Her second book, Two Steps Forward, which will release in September, is a continuation of Sensible Shoes, and covers the period of Advent. The book is the story of persevering in hope. The final book, Barefoot, covers Lent to Easter and is about surrendering to God and dying to self. The books are fiction books with non-fiction teaching content. The characters become windows and mirrors that the readers can look through and in to find themselves and see God more clearly.

Sharon Garlough Brown is a pastor, spiritual director, retreat leader, and author. Kathy Lee Gifford calls Sensible Shoes one of her “favorite things.” To learn more about Sharon, check out www.SensibleShoesClub.com.

Intervarsity Press gave me a copy of Sensible Shoes in exchange for my candid review.
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on June 7, 2015
I give this book five stars out of five. I'm still processing it. Still remembering the characters' struggles and still learning from the insights they experienced on their journeys.

It's a one-of-a-kind novel that's part fiction, part spiritual retreat manual, part Bible study experience.

The four protagonists are Meg, Hannah, Charissa and Mara. They each are carrying burdens that have become too much for them to bear, although they don't all know it yet. The women find out through various channels about a sacred journey retreat that has helped friends of theirs release baggage and experience peace. With much reluctance, each of the four women sign up for the eight-week class, and they end up sitting at the same table and becoming friends.

Meg Crane is a recent empty-nester single mom of 46 who is alone in a big Victorian home she inherited from her parents, haunted by memories about her recently deceased angry, critical mother. She is weighed down by her many phobias and insecurities, trapped in the grief of her past.

Hannah Shepley is a single, 39-year-old associate pastor who is given a forced nine-month sabbatical from pastoral duties, because, as her lead pastor puts it, she needs to learn to "disentangle her personal and professional identities." She has spent her whole life avoiding her problems and pain by helping others through theirs. She is the classic "fixer."

Mara Garrison is a 50-year-old mother of three, haunted by a lifetime of rejection, who believes she's never been wanted. She is married to an unkind man who doesn't love her, and she buries her sorrows in comfort food and reality TV. What she really wants is peace, rest and someone to love her.

Charissa Sinclair is a 26-year-old Ph.D. candidate studying English literature at a small Christian university, a big fish in a little pond. She is a statuesque beauty with an adoring husband, doting parents and the respect of all her peers. She is Miss Perfect and she lives for The Right Answer. But when she embarks on the sacred journey, she finds herself suddenly without answers.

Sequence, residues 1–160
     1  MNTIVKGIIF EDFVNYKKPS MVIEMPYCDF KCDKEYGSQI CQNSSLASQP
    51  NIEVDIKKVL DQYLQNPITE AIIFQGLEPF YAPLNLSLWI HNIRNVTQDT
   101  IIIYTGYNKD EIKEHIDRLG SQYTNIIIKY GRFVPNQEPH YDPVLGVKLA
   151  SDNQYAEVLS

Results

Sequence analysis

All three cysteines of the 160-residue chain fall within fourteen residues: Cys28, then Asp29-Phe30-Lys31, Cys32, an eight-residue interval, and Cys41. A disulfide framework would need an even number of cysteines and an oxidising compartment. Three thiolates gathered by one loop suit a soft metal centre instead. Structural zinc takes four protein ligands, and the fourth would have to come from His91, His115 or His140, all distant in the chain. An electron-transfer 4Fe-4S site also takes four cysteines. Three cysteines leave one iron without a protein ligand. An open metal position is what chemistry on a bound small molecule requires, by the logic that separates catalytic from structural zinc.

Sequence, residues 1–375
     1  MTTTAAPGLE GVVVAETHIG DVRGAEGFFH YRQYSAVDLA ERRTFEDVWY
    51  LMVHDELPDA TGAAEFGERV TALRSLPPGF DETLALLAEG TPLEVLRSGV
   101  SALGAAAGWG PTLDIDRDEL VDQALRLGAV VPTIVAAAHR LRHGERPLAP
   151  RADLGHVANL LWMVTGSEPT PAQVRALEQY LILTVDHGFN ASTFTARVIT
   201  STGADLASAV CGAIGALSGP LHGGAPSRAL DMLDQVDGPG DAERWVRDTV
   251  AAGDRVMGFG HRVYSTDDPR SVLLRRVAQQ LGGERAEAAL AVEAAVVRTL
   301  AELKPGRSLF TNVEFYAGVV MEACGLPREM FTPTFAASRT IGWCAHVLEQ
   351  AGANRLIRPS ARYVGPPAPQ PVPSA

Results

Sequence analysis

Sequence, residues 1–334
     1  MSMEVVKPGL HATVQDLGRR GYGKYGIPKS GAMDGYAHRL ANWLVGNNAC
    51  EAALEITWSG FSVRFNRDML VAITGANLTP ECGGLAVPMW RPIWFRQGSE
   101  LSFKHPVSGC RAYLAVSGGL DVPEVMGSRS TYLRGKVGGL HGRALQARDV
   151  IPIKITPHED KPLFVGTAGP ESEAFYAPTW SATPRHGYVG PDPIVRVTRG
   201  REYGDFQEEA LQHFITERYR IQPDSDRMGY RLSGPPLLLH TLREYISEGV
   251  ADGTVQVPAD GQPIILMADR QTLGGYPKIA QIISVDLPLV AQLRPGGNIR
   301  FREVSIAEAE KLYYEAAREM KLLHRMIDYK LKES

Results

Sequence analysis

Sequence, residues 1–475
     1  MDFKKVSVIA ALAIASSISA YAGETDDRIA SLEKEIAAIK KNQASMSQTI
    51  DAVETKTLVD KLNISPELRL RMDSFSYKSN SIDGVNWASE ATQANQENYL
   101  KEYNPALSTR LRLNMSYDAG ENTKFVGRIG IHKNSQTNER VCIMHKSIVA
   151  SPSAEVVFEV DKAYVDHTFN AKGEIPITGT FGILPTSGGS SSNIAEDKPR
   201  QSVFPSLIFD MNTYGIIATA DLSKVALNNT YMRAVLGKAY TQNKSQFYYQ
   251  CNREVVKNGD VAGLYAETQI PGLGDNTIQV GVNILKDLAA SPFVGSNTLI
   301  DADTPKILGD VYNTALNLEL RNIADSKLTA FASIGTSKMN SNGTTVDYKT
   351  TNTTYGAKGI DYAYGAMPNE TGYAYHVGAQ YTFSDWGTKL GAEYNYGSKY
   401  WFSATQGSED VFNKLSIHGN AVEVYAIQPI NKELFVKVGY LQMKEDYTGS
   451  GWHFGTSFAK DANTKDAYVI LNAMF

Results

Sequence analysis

I found myself drawn most powerfully to the struggles of Hannah, the fixer, and Charissa, the perfectionist. They are "just fine" in their own minds. They don't need help. They don't even believe they have needs. This was me for so many years. It was an emotional and life-giving experience to travel with Hannah and Charissa as they gradually came to the end of self-sufficiency and realized they did need help, grace and love, and that it was OK to have those needs.

If you see yourself in any of the four archetypes of this novel, I highly recommend you read it. There's hope in the healing process. There's life in the sacred journey toward God.

Read more of my book reviews here: http://bit.ly/1T5qtb2
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on April 8, 2014
. Sensible Shoes is one of the only fiction books that InterVarsity Press has published. That in itself is intriguing. In my mind, if IVP publishes something, it must be really good- they are a no-fluff kind of publisher.

It was even better than I thought it would be. I read this 343 page book in three days- half of it on my flights between Madison and LA, and then the other half on the way back. It was the perfect travel companion. It was especially useful in helping to distract me from the fact that the airplane felt like a roller coaster on our way from LA to Dallas on the way home.

The real beauty of this book is that it ties together spiritual formation with really good fiction. Four women from different walks of life become unlikely friends during a 6 session spiritual formation retreat.

"Hannah, a pastor who doesn’t realize how exhausted she is.

Meg, a widow and recent empty-nester who is haunted by her past.

Mara, a woman who has bounced from relationship to relationship, trying to navigate a difficult marriage.

Charissa, a hard-working graduate student who wants to get things right."

At the retreat, they are led through several different spiritual formation practices:

Walking a labyrinth as a journey of prayer
Lectio Divina
Praying the Examen
Wilderness Prayer
Praying with our imagination
Self-Examination and Confession
Creating a Rule of Life